How to Use Animal Tracks to Identify Wildlife
Stan Tekiela loves taking pictures of animals, but it’s not always easy. Sometimes he can’t find the animals. When this happens, he only get pictures of their tracks. In his book Whose Track is That? Stan Tekiela examines animal tracks. Today we take a look at three of them.
Identifying animal tracks is tricky. Bobcats, for example, are small—not much larger than a house cat. They are found in a wide variety of habitats, from forests to wetlands. When a bobcat walks, its back feet step directly into the tracks of its front feet, making it look like it only leaves a single line of tracks.
The American Black Bear is the most common bear in America. Bears have long, sharp claws, and you can see claw marks in their tracks. Large male bears also often mark trees by using their teeth or claws. This helps them to communicate with other bears and show their size and strength.
In winter, River Otters often like to have fun by sliding down snowy hills on their bellies, just like kids going sledding. Otters don’t stay in one place for very long; instead, they run and jump along the edges of streams and lakes. Otter tracks are always near water, so look in mud or snow along rivers and streams.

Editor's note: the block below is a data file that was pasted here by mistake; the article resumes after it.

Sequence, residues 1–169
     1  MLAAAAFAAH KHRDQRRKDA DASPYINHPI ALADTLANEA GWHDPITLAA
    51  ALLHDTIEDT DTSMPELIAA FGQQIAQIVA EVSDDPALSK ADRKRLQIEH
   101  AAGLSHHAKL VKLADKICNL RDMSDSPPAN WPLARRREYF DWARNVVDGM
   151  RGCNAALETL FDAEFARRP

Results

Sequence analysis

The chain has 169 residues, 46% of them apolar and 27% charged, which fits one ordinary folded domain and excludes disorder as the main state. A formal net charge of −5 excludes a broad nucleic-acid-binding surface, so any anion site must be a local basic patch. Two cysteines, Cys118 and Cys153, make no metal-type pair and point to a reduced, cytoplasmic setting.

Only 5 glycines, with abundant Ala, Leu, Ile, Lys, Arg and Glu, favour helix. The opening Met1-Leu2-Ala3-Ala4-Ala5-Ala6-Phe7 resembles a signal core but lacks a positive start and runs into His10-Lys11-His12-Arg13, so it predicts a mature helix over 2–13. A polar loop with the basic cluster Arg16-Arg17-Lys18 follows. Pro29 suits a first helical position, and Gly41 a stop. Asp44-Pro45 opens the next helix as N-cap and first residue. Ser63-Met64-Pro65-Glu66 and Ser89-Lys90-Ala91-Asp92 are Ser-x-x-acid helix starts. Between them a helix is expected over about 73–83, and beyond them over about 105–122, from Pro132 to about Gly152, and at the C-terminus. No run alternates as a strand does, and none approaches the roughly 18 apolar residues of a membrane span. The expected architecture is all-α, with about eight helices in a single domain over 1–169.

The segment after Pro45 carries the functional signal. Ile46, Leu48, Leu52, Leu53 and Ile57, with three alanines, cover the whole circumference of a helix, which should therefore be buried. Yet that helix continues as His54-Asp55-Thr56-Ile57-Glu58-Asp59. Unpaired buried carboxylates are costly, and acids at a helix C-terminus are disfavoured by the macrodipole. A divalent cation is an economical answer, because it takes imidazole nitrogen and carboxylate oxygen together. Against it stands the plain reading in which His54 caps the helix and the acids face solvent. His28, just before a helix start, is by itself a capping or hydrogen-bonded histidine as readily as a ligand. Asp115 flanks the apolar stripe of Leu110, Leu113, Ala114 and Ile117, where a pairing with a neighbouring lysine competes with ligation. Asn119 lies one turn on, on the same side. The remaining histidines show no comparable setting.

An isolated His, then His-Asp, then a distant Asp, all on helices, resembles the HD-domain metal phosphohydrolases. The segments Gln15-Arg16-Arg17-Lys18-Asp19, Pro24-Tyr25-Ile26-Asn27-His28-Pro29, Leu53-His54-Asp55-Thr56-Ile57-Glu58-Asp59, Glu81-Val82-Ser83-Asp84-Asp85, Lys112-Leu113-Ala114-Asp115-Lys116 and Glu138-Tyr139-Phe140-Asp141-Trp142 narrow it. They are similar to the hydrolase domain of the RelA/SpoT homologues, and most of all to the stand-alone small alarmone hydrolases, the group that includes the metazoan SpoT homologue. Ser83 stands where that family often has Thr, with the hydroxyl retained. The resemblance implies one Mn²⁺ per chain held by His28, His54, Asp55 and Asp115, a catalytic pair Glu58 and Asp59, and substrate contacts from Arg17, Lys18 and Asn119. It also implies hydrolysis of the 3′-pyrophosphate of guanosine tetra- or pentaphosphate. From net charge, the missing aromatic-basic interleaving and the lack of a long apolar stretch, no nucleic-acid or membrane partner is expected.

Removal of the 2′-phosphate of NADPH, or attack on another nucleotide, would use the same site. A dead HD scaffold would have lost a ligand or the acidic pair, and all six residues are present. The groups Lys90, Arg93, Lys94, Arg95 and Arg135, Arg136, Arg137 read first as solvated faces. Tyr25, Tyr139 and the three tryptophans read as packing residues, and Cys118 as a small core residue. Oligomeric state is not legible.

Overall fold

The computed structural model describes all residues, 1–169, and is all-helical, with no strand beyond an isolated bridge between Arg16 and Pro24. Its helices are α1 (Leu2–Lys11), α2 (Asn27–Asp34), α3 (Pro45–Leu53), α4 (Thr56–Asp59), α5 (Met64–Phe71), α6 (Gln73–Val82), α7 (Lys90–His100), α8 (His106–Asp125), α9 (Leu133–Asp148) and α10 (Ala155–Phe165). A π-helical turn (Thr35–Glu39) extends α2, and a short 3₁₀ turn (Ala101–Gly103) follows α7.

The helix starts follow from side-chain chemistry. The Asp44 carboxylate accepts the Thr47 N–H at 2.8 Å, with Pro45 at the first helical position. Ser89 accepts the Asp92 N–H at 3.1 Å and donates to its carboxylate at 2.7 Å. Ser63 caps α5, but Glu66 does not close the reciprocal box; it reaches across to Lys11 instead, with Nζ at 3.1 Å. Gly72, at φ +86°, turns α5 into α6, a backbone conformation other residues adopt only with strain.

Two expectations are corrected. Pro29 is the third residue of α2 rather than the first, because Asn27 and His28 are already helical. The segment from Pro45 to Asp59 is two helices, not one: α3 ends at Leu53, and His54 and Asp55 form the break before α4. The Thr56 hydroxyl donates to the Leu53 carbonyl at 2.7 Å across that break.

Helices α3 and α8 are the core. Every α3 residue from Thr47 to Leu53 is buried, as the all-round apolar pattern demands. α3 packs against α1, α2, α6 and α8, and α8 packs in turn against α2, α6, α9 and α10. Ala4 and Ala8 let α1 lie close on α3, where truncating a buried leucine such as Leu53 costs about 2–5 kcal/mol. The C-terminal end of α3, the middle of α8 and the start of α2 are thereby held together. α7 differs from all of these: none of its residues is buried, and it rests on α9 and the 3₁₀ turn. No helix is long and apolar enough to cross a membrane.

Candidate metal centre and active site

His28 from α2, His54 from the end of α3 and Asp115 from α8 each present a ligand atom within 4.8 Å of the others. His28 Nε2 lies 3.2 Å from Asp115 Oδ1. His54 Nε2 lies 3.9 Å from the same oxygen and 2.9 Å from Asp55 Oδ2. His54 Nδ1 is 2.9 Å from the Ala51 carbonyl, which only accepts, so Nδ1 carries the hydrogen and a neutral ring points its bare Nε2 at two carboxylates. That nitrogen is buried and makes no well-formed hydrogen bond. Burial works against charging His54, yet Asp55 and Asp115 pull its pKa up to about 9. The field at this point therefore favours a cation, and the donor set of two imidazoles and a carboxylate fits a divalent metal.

It is never too early to start birding. Here are Stan’s regional birding books for kids available so far, with new books being added every year. The Kids’ Guide to Birds of Michigan, The Kids’ Guide to Birds of Florida, The Kids’ Guide to Birds of Minnesota, The Kids’ Guide to Birds of Georgia, The Kids’ Guide to Birds of Ohio, The Kids’ Guide to Birds of Wisconsin, and The Kids’ Guide to Birds of Texas.
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